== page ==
According to RAFT, this map identifies what it calls "totem foods" which are emblematic not only of a regional cuisine, but of an entire culture:
These totem foods are more than just important commodities--community feasts, household rituals, song, stories and the nutritional well-being of residents have revolved around these foods for centuries.It's fair to say, in other words, that this map is not just a map of North American food commodities, but a full-blown cultural map of the continent.
It's not hard to intuit that there's something to this depiction of cultural geography. Indeed, this geographical partition is similar in many of its particulars to others made in the areas of cultural and political geography, including some I've discussed here. Chile Pepper Nation corresponds pretty closely to the areas of the US Southwest that used to be part of Mexico (and the part of northwestern Mexico that still is), and that is heavily influenced by Mexican and certain Native American cultures. Clambake Nation is the Yankee portion of the Bos-NY-Wash mega-region, plus the coastal areas of the Atlantic that correspond to the Eastern portion of Robert David's Upper Coasts region, while the western portion of Upper Coasts, the region anchored by the Cascasdia mega-region goes here by the name of Salmon Nation. Corn Bread and BBQ Nation is otherwise known as the Greater South, less Gator Nation, which is just another way of describing the Gulf Coast Mega-region. And Moose Nation - well, that's just Canada minus the parts that have people.
As the RAFT folks write in the introduction to their book on America's food traditions, more than 400 years after the first white people started mucking about on the continent:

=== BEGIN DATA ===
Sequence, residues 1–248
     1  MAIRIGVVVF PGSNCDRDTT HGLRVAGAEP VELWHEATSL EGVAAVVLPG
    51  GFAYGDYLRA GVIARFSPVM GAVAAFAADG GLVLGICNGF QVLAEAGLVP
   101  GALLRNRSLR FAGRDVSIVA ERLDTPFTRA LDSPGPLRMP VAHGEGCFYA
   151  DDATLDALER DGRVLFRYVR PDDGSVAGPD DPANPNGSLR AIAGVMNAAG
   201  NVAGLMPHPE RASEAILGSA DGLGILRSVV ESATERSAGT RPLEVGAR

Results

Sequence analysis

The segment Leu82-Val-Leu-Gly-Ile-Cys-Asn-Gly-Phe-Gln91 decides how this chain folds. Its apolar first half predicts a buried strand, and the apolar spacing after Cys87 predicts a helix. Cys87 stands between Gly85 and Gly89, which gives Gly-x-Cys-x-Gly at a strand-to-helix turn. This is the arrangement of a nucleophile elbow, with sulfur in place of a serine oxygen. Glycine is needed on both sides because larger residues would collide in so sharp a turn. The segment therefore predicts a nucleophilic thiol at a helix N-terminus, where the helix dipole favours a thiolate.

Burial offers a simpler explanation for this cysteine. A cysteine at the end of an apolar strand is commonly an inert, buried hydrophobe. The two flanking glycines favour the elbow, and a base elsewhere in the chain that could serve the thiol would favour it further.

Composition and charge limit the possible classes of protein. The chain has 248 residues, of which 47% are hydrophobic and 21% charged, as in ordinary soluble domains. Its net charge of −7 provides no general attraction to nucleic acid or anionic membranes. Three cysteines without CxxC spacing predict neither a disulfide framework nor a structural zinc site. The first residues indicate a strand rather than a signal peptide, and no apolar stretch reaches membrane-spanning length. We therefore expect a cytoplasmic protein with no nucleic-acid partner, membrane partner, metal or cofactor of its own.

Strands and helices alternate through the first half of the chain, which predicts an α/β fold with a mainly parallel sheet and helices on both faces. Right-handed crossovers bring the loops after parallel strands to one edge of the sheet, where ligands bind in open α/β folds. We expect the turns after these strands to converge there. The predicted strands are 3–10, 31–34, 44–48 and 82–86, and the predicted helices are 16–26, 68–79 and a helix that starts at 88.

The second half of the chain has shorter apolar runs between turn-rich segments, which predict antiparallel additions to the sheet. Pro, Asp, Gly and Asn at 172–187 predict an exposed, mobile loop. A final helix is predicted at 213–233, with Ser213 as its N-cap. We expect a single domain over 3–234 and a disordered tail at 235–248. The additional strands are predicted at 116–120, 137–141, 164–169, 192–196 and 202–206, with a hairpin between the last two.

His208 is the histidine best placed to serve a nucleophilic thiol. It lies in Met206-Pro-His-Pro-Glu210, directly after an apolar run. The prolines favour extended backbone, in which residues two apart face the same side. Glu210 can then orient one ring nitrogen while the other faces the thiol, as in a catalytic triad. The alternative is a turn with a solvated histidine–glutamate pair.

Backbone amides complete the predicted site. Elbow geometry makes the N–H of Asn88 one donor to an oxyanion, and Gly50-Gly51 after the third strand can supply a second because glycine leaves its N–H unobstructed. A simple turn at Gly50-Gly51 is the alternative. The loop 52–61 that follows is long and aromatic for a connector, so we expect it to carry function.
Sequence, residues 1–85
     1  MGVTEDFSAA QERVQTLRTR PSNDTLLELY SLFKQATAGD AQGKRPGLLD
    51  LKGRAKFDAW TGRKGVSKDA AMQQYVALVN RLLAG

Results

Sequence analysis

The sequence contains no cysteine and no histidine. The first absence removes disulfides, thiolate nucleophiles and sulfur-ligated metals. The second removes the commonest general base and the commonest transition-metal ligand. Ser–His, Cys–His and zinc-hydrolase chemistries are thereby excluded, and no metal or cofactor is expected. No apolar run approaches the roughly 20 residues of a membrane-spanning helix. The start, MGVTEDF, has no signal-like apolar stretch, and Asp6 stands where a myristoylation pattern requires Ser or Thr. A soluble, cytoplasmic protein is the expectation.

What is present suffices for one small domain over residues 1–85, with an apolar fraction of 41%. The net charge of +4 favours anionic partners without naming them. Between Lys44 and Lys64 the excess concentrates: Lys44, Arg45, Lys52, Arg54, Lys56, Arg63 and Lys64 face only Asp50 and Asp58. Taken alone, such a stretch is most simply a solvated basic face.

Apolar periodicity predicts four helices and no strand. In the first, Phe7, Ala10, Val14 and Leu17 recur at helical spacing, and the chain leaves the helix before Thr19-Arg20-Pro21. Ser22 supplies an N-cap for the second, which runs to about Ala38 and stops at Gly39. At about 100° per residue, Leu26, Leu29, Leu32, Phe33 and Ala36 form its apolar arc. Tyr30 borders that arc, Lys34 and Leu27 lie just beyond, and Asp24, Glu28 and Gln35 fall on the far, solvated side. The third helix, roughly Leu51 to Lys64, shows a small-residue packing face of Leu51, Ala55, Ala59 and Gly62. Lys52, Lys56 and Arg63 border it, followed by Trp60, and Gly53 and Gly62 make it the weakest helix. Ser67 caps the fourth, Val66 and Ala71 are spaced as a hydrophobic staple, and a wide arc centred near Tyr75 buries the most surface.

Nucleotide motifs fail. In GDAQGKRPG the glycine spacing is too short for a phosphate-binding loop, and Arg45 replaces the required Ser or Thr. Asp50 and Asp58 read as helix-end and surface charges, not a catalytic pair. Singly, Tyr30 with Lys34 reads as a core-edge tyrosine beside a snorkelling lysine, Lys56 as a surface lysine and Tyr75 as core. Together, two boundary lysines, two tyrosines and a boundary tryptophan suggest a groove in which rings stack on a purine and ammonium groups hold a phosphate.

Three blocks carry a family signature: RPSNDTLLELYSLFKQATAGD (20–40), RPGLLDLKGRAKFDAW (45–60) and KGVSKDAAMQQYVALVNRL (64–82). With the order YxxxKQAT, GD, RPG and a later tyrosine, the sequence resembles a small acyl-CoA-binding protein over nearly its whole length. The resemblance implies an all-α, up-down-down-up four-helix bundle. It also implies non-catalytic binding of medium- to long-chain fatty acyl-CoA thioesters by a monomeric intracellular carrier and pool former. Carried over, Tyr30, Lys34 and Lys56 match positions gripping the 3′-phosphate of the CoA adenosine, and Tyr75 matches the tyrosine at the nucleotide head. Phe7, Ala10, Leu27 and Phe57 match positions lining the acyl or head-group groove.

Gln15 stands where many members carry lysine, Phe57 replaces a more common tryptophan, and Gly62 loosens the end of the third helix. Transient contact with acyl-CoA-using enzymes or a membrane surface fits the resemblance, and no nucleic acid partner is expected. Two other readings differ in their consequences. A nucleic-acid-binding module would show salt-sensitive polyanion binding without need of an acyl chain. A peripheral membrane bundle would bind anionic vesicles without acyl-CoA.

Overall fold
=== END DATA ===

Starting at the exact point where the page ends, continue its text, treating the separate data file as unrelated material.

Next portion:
two-thirds of the distinctive seeds and breeds which then fed America have vanished. One in fifteen wild, edible plant and animal species on this continent has diminished to the degree that it is now considered at risk. These declines in diversity bring losses in traditional ecological and culinary knowledge as well. Consequently, we have suffered declines in the food rituals which otherwise link communities to place and cultural heritage.It's not gone unnoticed that there has been some degree of homogenization in ways we eat. One big reason for this has been industrialized agriculture and cheap transportation costs: just look at the stickers on your produce to see what kind of epic vegetable diaspora your daily diet represents. Normally I'd lament the cultural homogenization, but I've just been reading some Jim Kunstler, whose dystopian rants can't help but give one the sense that, while a return to localism in the food supply is likely just around the corner, it will only be because we are going to have far greater problems to worry about: namely, the end of cheap transportation and general economic collapse. (The pinch of salt with which one is inclined to take Kunstler would be a good bit larger if not for the fact that his predictions of doom have been spot on for the past year or so.)
But I digress. The RAFT map is interesting and their goals noble. They go into far greater detail in their book, which you can download as a pdf file free of charge at this site. In those pages they detail the ten most endangered traditional foods: Chapalote corn, Chiltepin pepper, Eulachon Smelt, Gulf Coast sheep, Java chicken (which is, yes, actually from Asia originally, but never mind), Marshall strawberry, Native American sunflowers, Pineywoods cattle, the Seminole pumpkin, and White Abalone. (They also list the top ten success stories - traditional foods that have made a comeback - including American alligator, Louisiana Creole cream cheese, and Iriquois white corn.)
The book also has a comprehensive index of endangered traditional foods; especially given the price tag, it's really an essential reference for anyone in North America who cares about food, culture, and the preservation of traditional knowledge.